The synergy from the IOM/RWJF reports sparks an additional drive for change to nursing education and the regulation of nursing practice that should be filtered through the requirements for nurses needed in rural areas. All these factors are converging simultaneously. Nurses, because of their role with patients, are key to transformative models of care, and must be prepared in educational programs that include training for new roles emerging in the environment. The nursing education system must change quickly to prepare greater numbers of nurses with knowledge, skills and abilities for very different roles and functions, which include care coordination and expanded nursing practice in the role of primary care provider. This requires all avenues for preparing nurses to remain open and better connected. More graduates, not fewer, are required. It is also required that the specific workforce needs of both urban and rural communities be considered in preparing a new nursing workforce. As illustrated in this article, the resources available to urban vs. rural communities are often widely divergent and cannot be ignored.
The financial burden associated with additional educational preparation for nurses, especially in rural areas, is significant. However, if the premise is accepted that nurses must be educated at more advanced levels in order to fully participate in the new models of care, then models of education and preparation that are fundamentally different from what has been offered in the past, in associate- as well as baccalaureate-nursing programs, must be the mandate. The current environment creates an opportunity for nurses to come together as colleagues in practice and in education, to discuss and plan for the transformation of health care and future of nursing in a manner that has not previously existed. There are equal stakes in the outcome for both Associate Degree and Baccalaureate degree programs and for employers of nurses. Each segment works in the new environment to prepare nurses for practice and looks to hire qualified nurses in sufficient numbers to meet the public’s expectations for care.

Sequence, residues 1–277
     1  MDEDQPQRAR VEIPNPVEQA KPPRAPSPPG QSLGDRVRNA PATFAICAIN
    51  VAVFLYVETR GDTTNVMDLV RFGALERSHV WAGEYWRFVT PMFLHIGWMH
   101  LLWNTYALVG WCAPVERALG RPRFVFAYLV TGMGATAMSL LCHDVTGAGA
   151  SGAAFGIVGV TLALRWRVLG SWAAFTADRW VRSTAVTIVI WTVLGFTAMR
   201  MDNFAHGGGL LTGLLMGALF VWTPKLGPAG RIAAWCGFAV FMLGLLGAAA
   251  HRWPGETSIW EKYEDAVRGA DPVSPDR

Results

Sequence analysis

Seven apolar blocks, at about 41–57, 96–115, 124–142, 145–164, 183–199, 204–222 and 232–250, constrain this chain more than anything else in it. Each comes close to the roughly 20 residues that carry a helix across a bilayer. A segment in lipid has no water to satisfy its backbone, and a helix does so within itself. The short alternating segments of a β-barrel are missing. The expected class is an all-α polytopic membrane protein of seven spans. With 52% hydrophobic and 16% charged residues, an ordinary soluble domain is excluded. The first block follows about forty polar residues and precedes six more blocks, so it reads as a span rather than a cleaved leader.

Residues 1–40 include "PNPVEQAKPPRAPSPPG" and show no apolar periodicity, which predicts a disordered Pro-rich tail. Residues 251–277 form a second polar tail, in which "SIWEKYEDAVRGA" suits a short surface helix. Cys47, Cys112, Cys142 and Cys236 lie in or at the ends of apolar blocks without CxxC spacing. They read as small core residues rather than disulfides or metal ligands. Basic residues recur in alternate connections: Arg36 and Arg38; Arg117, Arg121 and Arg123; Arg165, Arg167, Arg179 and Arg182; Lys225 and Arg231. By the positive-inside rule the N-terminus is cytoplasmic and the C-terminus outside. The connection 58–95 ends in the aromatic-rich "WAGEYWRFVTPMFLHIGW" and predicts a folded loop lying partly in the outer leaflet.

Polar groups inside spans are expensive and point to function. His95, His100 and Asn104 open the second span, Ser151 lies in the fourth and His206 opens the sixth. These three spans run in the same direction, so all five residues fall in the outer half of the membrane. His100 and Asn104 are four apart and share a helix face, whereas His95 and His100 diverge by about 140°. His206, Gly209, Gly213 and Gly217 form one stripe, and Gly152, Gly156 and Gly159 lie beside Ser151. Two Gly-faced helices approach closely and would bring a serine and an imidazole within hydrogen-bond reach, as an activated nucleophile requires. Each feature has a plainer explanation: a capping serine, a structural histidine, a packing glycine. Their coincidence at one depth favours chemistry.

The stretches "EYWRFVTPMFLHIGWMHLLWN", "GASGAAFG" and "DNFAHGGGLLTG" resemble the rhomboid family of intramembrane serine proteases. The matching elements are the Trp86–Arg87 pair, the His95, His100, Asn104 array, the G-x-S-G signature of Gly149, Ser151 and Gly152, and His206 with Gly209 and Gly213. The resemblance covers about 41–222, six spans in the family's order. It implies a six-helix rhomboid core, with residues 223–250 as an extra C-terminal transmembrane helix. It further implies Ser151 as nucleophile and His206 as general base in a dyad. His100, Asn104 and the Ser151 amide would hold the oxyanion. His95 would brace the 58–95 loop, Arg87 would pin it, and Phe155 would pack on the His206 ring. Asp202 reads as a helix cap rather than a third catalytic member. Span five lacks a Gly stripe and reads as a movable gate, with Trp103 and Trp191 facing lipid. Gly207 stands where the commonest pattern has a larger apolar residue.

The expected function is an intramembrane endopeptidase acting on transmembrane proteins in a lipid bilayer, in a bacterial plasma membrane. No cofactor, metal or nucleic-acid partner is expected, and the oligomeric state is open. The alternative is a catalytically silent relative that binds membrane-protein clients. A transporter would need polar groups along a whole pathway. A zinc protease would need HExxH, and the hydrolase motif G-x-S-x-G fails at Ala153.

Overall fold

The IOM itself has said (IOM, 2011, p.403): “The future of health care rests solidly with the strength nursing brings in holistic care, ability to collaborate and innovate from the bedside to the community and the ability to adapt to the changing environment.” Nurses, through their professional experiences have access to information about patient care and nursing outcomes that can leverage and actively construct the new care coordination and care management models. Of all the health care professions, nurses have the best-matched skills and the greatest opportunity for preparing to work with patients in the new models of care.
There is a tremendous amount of work to do to get ready to participate in the new care environments in both urban and rural communities. Nursing leaders are aware that when nurses do not proactively participate, the system fills the gap without them.
To paraphrase the IOM, in order to fully participate, nursing must adapt practice, education and curriculum to the new century, promote access to higher education, advocate for innovative models of care and practice and advocate for policies in health care and education to support those innovations. Nursing leaders in their transformative work must also address the realities associated with differences in practice settings between urban and rural communities and find solutions to move the nursing workforce forward, while leaving no resource behind.